The word Hungry was coined from Geoffrey Chaucer's line " In Sowere Hungry Tyme". The philosophical background of the movement was based on Oswald Spengler's idea of Non Linear Time in a particular culture. The movement spanned from 1961-1965. It was launched in November 1961 from the Patna residence of Malay Roychoudhury and his elder brother Samir Roychoudhury. As always, the west lives with the misconception that the movement was inspired by the Beat Generation writers especially because Ginsberg lived with Malay and Samir Roychoudhury for a while in Patna in the spring of 1963. Octavio Paz and Ernesto Cardinal had also visited Malay during the 1960s.
This movement is characterized by expression of closeness to nature and sometimes tenets of existentialism. Although initially based in Kolkata, it had active membership in North Bengal, Tripura and Benares. The movement influenced Allen Ginsberg as much as it influenced American poetry through the Beat poets who visited Calcutta, Patna, Chaibasa And Benaras during the Sixties decade. Arvind Krishna Mehrotra, later a professor and editor, was associated with the Hungry Generation movement. Shakti Chattopadhyay, Sandipan Chattopadhyay, Saileshwar Ghosh, Subhas Ghosh left the movement in 1964. More than 100 manifestos were issued during 1961-65. Malay's poems have been published by P. Lal from his Writers Workshop publication. Howard McCord published Malay Roychoudhury's controversial poem Stark Electric Jesus from Washington State University. This poem has been translated in several languages of the world and was included in the anthology "Poems for the Millenium" edited by Jerome Rothenberg and Pierre Joris.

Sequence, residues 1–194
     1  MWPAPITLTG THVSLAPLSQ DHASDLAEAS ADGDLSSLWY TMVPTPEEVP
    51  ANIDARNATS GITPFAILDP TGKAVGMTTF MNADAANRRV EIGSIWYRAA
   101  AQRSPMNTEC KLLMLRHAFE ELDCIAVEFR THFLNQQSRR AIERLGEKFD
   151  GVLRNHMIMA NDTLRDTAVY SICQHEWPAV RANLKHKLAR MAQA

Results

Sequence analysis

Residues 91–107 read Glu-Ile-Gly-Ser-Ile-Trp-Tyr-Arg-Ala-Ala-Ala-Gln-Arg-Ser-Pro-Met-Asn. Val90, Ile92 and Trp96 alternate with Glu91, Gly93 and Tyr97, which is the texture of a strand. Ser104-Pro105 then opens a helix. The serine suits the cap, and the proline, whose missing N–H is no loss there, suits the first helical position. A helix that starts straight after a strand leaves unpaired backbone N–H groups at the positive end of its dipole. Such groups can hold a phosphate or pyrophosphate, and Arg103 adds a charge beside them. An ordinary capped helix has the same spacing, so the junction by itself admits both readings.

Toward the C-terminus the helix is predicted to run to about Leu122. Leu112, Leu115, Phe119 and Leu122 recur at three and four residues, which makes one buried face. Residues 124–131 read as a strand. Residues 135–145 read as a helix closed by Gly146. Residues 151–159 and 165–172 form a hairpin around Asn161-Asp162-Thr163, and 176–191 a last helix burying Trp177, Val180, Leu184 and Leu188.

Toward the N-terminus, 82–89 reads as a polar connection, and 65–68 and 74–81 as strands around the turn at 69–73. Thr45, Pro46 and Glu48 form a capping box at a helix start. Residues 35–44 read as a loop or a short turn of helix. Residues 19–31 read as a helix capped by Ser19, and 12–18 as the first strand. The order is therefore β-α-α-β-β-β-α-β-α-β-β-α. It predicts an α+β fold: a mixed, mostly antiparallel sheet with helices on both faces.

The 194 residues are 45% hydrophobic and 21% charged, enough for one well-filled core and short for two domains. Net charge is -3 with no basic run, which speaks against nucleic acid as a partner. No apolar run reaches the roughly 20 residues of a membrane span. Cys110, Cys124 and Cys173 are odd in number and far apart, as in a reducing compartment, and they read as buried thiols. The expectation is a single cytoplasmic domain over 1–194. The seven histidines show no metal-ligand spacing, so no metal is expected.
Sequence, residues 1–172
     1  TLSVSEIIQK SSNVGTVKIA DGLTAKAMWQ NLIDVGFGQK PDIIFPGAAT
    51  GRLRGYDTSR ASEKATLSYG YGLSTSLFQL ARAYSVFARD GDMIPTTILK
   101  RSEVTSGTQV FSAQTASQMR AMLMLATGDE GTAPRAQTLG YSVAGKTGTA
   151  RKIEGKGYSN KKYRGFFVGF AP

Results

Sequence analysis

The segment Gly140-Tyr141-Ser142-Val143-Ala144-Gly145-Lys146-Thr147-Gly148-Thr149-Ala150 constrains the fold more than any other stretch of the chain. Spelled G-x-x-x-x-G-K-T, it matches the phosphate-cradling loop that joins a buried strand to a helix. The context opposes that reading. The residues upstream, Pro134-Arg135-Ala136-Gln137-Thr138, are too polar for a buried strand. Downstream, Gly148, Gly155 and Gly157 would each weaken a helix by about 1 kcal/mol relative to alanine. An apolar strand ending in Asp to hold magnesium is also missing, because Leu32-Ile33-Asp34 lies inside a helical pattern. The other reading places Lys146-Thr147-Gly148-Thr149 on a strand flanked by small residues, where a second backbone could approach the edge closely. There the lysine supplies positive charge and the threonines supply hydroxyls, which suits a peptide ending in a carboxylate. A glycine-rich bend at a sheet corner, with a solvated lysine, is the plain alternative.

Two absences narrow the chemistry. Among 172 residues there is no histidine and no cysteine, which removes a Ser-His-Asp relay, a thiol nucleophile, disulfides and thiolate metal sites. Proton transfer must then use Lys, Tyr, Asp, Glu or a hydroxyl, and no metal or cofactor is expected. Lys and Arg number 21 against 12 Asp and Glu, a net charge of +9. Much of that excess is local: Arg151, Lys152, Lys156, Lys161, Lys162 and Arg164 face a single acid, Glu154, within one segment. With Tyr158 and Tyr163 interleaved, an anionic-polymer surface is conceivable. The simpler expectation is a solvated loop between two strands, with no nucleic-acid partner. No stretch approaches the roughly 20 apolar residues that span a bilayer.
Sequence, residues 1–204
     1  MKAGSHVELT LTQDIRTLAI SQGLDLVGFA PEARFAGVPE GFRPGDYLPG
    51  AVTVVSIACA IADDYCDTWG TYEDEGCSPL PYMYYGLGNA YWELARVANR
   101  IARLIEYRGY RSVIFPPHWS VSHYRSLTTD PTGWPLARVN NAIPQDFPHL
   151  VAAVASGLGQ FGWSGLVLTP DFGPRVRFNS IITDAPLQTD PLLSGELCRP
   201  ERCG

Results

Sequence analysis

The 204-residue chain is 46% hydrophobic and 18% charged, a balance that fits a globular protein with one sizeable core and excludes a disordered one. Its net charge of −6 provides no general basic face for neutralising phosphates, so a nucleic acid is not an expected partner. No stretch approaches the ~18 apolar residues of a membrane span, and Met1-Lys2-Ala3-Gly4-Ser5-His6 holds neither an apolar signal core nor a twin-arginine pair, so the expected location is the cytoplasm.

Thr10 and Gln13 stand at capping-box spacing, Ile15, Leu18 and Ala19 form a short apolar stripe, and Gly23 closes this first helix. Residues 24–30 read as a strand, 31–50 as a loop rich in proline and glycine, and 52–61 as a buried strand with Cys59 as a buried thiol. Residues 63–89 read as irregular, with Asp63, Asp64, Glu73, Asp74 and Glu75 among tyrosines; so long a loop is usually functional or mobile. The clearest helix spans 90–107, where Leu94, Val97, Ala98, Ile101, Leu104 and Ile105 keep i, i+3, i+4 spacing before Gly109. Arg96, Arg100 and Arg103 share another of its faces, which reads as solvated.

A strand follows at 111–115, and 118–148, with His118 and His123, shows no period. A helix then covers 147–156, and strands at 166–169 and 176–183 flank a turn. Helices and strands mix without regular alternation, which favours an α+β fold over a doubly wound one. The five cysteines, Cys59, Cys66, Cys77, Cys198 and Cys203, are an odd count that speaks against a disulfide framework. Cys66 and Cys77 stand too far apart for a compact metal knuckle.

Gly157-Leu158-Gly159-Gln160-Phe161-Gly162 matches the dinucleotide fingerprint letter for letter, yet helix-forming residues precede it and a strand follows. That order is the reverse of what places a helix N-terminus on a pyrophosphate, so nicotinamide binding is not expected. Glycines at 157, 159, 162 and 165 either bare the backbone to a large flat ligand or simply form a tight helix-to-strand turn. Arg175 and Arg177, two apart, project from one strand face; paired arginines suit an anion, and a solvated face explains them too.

The work of Hungry writers appeared in the Citylights Journal, edited by Lawrence Ferlinghetti and in special issues of American magazines including Kulchur edited by Lita Hornik, Klactoveedsedsteen edited by Carl Weissner, Elcorno Emplunado edited by Margaret Randall, Evergreen Review edited by Barney Rosset, Salted Feathers, Intrepid, and San Francisco Earthquake, during the 1960s.
The Hungry Generation Movement also known as Hungryalism challenged mainstream literary genres. The group wrote a largely deviant poetry and prose in style, form and content. It had also influenced Hindi, Marathi, Assamese, Telugu & Urdu literatures.